Only 20 percent of employees are effective learners who display productive learning behaviors such as reciprocal contribution, extraction, and skeptical prioritization. These behaviors can be clearly contrasted with participative learning behaviors, such as using multiple channels, being receptive to learning, and attempting to continuously learn. Sixty percent of learners exhibit those behaviors, and while they are important, participative learning behaviors have far less impact than productive learning behaviors.
Vocational education functions should continue to focus on the quality and relevance of content; they must reallocate some resources and effort from content creation and channel management to teaching employees how to learn. They can take advantage of existing forums, such as training programs, to teach employees valuable learning techniques and to help them identify and plan for learning and application opportunities in their work.
From an employee-centric to a network-centric model of learning. Vocational education must increasingly look beyond the individual learner and his skill and knowledge needs to understand the collective needs of individuals who work together. Constructing a network-centric view changes the value of employees’ learning-based interactions. In the same way that individual employees may complete different components of a given project or process, they can also join a learning experience with different needs but learn effectively together through their complementary expertise and perspectives.
Network learning, or where employees who work together learn together, will be essential for vocational education teams of the future. Network learning can be part of a formal training program, or can also take place between colleagues in day-to-day interactions. However, employees commonly miss these opportunities due to barriers such as emphasizing individual results over group results, lacking collaboration skills, or neglecting to share relevant lessons and information.
From encouraging on-the-job learning to architecting it. On-the-job learning has up to three times the impact on employee performance as formal classroom learning does and significantly increases employee engagement. Yet most organizations are still not harnessing its full value. vocational education executives frequently cite concerns that structuring on-the-job learning stifles it. However, without structure, less than half of employees in the average organization learn effectively through day-to-day work.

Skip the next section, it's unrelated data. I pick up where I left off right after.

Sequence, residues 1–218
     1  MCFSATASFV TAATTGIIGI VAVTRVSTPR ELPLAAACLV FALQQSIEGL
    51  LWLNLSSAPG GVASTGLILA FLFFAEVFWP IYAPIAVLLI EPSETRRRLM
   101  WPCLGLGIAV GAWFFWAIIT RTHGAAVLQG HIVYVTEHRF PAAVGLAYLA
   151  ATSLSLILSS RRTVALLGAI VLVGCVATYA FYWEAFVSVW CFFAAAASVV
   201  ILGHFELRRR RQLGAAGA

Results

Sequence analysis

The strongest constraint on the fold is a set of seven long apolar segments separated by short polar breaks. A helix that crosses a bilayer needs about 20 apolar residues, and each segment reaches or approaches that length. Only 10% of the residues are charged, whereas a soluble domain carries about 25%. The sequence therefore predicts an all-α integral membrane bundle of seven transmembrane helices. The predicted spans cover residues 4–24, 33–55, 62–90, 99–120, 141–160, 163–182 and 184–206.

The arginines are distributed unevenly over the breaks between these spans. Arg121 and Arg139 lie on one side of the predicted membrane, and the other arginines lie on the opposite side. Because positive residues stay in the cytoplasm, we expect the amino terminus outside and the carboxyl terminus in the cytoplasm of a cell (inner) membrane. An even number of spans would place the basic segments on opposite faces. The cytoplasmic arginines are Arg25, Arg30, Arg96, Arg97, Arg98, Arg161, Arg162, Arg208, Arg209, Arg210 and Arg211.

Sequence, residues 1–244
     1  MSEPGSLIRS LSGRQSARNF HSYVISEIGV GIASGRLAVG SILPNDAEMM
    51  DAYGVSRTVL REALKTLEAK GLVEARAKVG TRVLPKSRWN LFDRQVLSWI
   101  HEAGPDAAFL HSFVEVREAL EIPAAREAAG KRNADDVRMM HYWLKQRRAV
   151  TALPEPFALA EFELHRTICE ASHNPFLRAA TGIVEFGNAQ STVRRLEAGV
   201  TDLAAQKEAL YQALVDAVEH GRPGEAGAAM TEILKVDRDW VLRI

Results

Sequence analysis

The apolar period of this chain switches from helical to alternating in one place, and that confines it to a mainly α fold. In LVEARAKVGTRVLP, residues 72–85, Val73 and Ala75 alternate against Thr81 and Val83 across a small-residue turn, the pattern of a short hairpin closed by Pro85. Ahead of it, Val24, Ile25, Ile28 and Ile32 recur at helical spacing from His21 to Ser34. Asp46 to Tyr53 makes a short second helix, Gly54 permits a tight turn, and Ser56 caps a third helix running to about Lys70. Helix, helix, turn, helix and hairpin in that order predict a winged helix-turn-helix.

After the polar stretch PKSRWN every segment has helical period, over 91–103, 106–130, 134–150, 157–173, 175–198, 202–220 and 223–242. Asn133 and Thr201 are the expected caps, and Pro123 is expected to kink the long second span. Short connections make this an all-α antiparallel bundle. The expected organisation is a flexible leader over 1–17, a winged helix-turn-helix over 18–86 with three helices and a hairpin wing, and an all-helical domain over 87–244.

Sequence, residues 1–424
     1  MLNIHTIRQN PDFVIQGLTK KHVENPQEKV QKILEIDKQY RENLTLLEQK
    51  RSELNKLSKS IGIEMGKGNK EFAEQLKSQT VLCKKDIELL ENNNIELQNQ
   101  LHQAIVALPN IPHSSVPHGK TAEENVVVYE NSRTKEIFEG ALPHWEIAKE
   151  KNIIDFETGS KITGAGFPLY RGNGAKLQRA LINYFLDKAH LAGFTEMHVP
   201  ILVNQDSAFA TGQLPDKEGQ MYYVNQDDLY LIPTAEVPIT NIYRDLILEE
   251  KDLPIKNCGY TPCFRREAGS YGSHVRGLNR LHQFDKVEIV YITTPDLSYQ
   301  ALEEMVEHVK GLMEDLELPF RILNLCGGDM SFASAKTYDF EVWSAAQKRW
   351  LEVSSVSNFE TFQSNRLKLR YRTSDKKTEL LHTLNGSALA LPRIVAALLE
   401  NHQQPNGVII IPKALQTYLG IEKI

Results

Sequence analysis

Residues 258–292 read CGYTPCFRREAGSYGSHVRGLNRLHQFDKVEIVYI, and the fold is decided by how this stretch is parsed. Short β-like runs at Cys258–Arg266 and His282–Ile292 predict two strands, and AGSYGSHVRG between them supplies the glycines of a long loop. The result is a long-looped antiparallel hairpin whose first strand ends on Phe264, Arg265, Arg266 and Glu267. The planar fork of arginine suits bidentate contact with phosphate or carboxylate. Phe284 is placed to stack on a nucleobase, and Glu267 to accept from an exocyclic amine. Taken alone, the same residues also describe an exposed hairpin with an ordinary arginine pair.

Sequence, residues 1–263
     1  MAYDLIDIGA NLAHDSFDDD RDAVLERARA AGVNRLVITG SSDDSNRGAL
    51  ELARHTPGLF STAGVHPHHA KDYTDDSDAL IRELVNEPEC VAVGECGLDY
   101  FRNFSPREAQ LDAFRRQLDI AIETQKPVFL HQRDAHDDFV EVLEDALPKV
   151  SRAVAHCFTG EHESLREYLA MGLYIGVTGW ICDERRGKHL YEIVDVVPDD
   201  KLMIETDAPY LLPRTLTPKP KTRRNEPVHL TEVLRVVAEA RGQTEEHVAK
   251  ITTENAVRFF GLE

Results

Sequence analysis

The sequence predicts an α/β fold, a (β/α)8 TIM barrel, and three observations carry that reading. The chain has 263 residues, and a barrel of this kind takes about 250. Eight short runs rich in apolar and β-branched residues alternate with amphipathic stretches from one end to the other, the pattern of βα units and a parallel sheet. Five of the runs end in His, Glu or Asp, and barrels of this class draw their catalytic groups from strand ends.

The best organizations acknowledge that to expand on-the-job learning, they need to use existing forums, such as training programs, to equip managers and employees to effectively identify and take advantage of on-the-job learning opportunities. They also provide managers and employees with the necessary tools to embed guidance and recommendations for on-the-job learning into existing processes and activities, such as development planning conversations. By deliberately blurring the lines between learning, employee performance, and organizational performance, vocational education teams can more effectively architect on-the-job learning.
Like all functions, vocational education is continuously exposed to dynamic changes in the workplace. These factors are changing the way that the function needs to operate to be successful and continue to add value. The best vocational education functions are realizing that, in today’s work environment, they can’t focus their efforts on responding to individual learning trends. Instead, they need to make a substantial change in their operations.
By shifting away from being a provider of learning and toward becoming architects of continuous development, vocational education teams will further amplify their delivery of performance improvements that affect the business.
By Jean Martin and Thomas Handcock. Source: ATD